‘The Reckoning’ by John Grisham: Ed’s review



I recently finished reading this latest novel by John Grisham. This is a very good book, although it is a little different from John Grisham’s previous offerings.

The standard John Grisham novel goes something like this: An attorney has happened upon a scandal of some sort, usually involving a big pot of money. (The money may or may not be held in a numbered account in the Cayman Islands.)

The attorney faces some moral quandary. Maybe someone approaches the attorney looking for assistance. Perhaps the attorney is threatened himself. The perpetrators of the scandal are invariably mafiosos or the corrupt managers of some Big Evil Corporation.

In the end, the attorney makes the right decision, solves the problem, and saves the day.

I’m not knocking the standard John Grisham Formula, mind you. (On the contrary, John Grisham is one of my favorite authors.)  But The Reckoning substantially deviates from that formula.

The Reckoning opens in the fictional town of Clanton, Mississippi, in 1946. Forty-three year-old Pete Banning, a successful farmer, respected local citizen, and decorated World War II POW, is about to commit an inexplicable homicide.

Banning drives into town, where he shoots the pastor of his Methodist church, Dexter Bell.

Banning is arrested and charged with murder. Of course.  When questioned by the sheriff, he refuses to say why he did what he did.

Pete Banning’s young adult children plead with him, as does his older sister. But Banning simply won’t say why he murdered Dexter Bell.

It is also revealed that while Banning was away fighting the war (and presumed dead) Dexter Bell spent a lot of time with Pete’s wife, Liza. When the story opens, though, Liza has been sequestered away in a mental institution.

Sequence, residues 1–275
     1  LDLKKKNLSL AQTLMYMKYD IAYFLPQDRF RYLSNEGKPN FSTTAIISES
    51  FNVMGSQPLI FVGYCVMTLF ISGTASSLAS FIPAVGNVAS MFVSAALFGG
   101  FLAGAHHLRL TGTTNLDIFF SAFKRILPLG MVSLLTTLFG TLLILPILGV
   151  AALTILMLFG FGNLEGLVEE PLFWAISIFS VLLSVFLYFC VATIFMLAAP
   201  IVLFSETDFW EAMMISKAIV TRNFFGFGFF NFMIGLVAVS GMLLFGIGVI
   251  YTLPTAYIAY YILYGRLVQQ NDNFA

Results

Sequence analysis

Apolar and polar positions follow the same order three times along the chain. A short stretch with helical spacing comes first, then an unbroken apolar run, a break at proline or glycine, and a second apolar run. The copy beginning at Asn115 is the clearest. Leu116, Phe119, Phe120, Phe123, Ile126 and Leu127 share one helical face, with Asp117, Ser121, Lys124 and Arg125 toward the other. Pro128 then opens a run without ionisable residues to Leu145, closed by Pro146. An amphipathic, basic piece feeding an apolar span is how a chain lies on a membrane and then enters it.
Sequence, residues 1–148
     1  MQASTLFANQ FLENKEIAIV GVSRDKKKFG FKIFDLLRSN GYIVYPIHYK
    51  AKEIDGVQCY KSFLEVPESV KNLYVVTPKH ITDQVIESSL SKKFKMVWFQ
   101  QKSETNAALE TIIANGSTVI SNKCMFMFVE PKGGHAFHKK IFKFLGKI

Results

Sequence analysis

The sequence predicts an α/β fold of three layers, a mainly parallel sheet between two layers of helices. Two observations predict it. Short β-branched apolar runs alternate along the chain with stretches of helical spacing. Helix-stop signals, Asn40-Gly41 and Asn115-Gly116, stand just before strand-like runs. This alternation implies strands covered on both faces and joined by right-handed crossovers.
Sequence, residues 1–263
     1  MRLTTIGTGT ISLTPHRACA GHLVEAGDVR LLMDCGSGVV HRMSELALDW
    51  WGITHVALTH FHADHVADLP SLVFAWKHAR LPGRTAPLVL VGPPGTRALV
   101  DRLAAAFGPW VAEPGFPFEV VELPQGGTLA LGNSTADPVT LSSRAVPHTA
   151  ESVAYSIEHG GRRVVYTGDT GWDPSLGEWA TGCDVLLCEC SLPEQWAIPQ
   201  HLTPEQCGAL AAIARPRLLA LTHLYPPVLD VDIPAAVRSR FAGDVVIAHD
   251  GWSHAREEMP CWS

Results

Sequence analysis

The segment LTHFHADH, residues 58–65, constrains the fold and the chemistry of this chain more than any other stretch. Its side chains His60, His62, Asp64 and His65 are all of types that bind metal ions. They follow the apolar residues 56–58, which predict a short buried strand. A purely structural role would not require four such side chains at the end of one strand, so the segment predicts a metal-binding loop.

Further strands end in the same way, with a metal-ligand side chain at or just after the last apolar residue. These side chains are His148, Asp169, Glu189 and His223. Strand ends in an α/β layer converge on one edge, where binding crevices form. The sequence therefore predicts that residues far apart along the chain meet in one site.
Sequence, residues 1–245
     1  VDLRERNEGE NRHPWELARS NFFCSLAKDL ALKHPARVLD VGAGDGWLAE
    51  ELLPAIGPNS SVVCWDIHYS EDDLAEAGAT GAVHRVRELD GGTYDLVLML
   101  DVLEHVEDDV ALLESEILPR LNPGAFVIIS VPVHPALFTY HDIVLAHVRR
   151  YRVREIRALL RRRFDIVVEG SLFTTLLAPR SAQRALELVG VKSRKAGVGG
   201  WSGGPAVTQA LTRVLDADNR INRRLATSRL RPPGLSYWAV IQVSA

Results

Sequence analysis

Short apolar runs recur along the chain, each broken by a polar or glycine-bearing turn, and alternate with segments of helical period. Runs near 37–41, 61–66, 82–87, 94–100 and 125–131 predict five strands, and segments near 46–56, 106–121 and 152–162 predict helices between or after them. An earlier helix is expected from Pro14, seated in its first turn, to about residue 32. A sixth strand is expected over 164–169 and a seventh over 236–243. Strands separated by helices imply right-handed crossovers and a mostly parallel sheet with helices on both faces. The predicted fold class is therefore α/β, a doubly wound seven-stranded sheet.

Suffice it to say (mild spoiler alert) that the outcome for Pete Banning is not a pleasant one. After Banning meets his fate, the story jumps back in time, to cover Pete’s exploits during the war, as a POW, and later a guerrilla fighter, in the embattled Philippines.

In the final section of the book, we finally learn why Pete Banning killed Dexter Bell.

No, I am not going to reveal the reason. I would, however, caution you against assuming the most obvious answer.

Although I liked this book quite a bit, many readers did not agree with me.  The book seemed to upset many readers who were expecting the Grisham Formula. Here’s a 1-star review from Amazon:

Crappy, pointless mess:

If I were a writer and knew that I would have to give up money if I didn’t have a “book” on my publisher’s desk by a date certain, and time was up, this is the kind of load of crap I would dish up. What passes for a plot is meaningless: the whole book is fleshed out with WW II history that needn’t be narrated as fiction, and arcane minutiae of criminal and civil procedure that couldn’t be more boring and, moreover, is woefully inaccurate. I actually felt that I’d been tricked into reading this steamer by being bamboozled by Grisham’s reputation, on which I can’t comment. BORING!!!!!!

The Reckoning is not “boring”. But you do need something beyond the attention span of an eight year-old to enjoy it. In many ways, The Reckoning is more like something that Stephen Hunter or W.E.B. Griffin would have written.

To be fair to the readers who didn’t like this book: John Grisham has now been publishing novels for about thirty years. To put a personal spin on this, when Grisham published his very first book, the initially overlooked A Time to Kill (1989), your humble correspondent was a bright-eyed twenty-one year-old.

I am now a not-so-bright-eyed, world-weary fifty year-old. My concerns and preferences are not what they were thirty years ago. I am a different person. So are you…if you were even alive in 1989.